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Everything You Need to Know About Lead Safety at Home 

By Laura Gaskill, Houzz 

That gorgeous turn-of-the-century home you hope to lovingly restore or that special family heirloom that’s earned pride of place in your living room may be utterly charming … and covered in lead-based paint. You likely already know that although lead-based paint has been outlawed since 1978, many old homes and buildings still contain this dangerous substance — what you may not know is exactly what you’re supposed to do about it. 

Lead is found not just in paint and trim. It can be present in the soil around our homes, window glass, plumbing, old painted furniture and toys, glazed ceramics, crystal and other objects. It’s dangerous to adults and especially harmful to babies and young children, so knowing how to properly test for and treat it is essential for a healthy home. Get the full scoop here. 

Related: A Comprehensive Guide to Nontoxic Paint 

lead 1
Rikki Snyder, original photo on Houzz 

If You Have a Pre-1978 Home 

Have a paint inspection and risk assessment done. 

If your home or apartment was constructed before 1978, there is a possibility it contains lead — and the older your home is, the more likely it is there is some lead in it. The surest way to know is to hire a certified inspection, risk assessment and abatement pro. During a paint inspection, the pro will test all surfaces inside and outside your home for lead. If you have young children at home, you should also have a risk assessment done — this will help give you a fuller picture of potential lead exposure in and around your home; it will include a soil test and possibly a water test, too.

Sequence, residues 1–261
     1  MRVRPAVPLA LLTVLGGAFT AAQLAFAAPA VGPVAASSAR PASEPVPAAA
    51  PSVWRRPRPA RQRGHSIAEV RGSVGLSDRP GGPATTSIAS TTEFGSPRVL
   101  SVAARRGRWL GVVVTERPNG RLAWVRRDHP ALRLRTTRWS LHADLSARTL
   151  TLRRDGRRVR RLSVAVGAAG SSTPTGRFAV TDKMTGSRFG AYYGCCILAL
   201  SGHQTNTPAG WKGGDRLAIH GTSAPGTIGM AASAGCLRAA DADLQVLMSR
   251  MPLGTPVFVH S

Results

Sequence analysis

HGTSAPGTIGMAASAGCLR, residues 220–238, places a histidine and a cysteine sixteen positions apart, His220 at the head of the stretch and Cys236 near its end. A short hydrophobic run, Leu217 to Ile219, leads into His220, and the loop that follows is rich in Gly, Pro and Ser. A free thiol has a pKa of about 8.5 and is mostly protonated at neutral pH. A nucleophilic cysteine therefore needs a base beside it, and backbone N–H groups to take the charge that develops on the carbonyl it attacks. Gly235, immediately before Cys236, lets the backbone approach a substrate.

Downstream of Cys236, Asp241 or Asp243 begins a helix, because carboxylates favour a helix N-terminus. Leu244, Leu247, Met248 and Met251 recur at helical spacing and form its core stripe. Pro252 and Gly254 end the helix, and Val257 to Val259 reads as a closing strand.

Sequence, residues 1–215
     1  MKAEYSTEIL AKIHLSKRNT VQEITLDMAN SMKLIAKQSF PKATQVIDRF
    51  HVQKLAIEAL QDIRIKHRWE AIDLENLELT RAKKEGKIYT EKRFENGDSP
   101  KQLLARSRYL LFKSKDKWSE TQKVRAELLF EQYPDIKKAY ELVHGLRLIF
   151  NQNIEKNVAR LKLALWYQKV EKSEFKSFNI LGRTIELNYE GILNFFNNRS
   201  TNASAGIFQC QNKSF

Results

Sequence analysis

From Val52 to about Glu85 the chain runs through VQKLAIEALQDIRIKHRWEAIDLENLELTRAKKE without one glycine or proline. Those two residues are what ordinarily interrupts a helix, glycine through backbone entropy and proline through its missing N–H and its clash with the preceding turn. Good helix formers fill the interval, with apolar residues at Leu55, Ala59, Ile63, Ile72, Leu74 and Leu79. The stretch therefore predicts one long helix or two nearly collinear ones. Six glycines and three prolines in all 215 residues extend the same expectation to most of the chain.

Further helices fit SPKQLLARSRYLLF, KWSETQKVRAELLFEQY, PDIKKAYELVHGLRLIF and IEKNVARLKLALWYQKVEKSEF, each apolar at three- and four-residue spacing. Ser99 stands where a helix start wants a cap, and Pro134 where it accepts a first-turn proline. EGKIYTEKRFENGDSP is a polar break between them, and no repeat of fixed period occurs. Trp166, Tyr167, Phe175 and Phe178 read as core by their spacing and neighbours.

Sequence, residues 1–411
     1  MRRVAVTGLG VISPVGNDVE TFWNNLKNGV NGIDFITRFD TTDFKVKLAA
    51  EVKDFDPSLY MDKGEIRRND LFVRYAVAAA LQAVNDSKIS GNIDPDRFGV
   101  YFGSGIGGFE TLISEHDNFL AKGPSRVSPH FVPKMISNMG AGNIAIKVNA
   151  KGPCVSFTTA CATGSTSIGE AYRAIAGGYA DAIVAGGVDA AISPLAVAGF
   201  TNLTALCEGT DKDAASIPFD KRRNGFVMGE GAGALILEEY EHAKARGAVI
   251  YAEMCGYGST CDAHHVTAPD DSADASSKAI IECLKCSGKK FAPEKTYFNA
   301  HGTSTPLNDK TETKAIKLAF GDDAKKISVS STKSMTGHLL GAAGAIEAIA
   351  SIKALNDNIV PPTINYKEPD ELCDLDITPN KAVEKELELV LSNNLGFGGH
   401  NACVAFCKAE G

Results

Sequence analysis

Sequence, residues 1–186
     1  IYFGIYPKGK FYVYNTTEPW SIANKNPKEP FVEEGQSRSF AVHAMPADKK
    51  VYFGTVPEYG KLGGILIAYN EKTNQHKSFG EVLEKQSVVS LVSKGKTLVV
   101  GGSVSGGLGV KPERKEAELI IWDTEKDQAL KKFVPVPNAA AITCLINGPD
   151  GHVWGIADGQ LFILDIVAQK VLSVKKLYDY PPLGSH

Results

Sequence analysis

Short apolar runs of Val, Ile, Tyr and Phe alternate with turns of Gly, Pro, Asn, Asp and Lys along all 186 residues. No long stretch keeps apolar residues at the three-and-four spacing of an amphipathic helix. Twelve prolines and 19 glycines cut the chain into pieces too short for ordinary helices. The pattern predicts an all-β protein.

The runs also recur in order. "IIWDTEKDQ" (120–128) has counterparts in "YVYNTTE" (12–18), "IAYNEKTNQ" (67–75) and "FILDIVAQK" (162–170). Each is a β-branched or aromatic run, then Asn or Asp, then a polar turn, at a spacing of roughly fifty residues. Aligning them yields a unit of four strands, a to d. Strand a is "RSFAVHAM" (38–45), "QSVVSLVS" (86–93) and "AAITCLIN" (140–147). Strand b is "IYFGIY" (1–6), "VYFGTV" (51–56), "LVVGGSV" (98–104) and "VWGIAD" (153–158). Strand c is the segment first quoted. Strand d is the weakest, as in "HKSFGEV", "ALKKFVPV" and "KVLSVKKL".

Rikki Snyder, original photo on Houzz 

Include the outdoors in your testing. 

Particularly if you have young children who play outside your home, it is essential to know if the soil around your home is safe. 

What about test kits? 

The lead test kits sold at home improvement stores can be unreliable, so it is best to have a certified professional do the testing. If that is not possible, or if you want to test only a specific surface, you can also send paint samples to a lab recognized by the National Lead Laboratory Accreditation Program. 

Keep paint finishes in good shape. 

It’s the flaking and peeling of lead paint, and the dust emitted, more than the paint itself that causes health problems — which means it can be more harmful to remove old lead paint than to properly contain it. If you have known lead paint in your home that has adhered well enough that you can paint over it without sanding first, using an encapsulating primer followed by several coats of color is a DIY option. 

Keep on top of dust. 

Lead dust is especially dangerous, because it can be inhaled. If you suspect you have lead in your house, be extra vigilant about keeping surfaces clean and dust free. Mop floors and wipe down windowsills and baseboards with a damp cloth — using a dry duster will only send lead dust flying into the air. 

Test the water.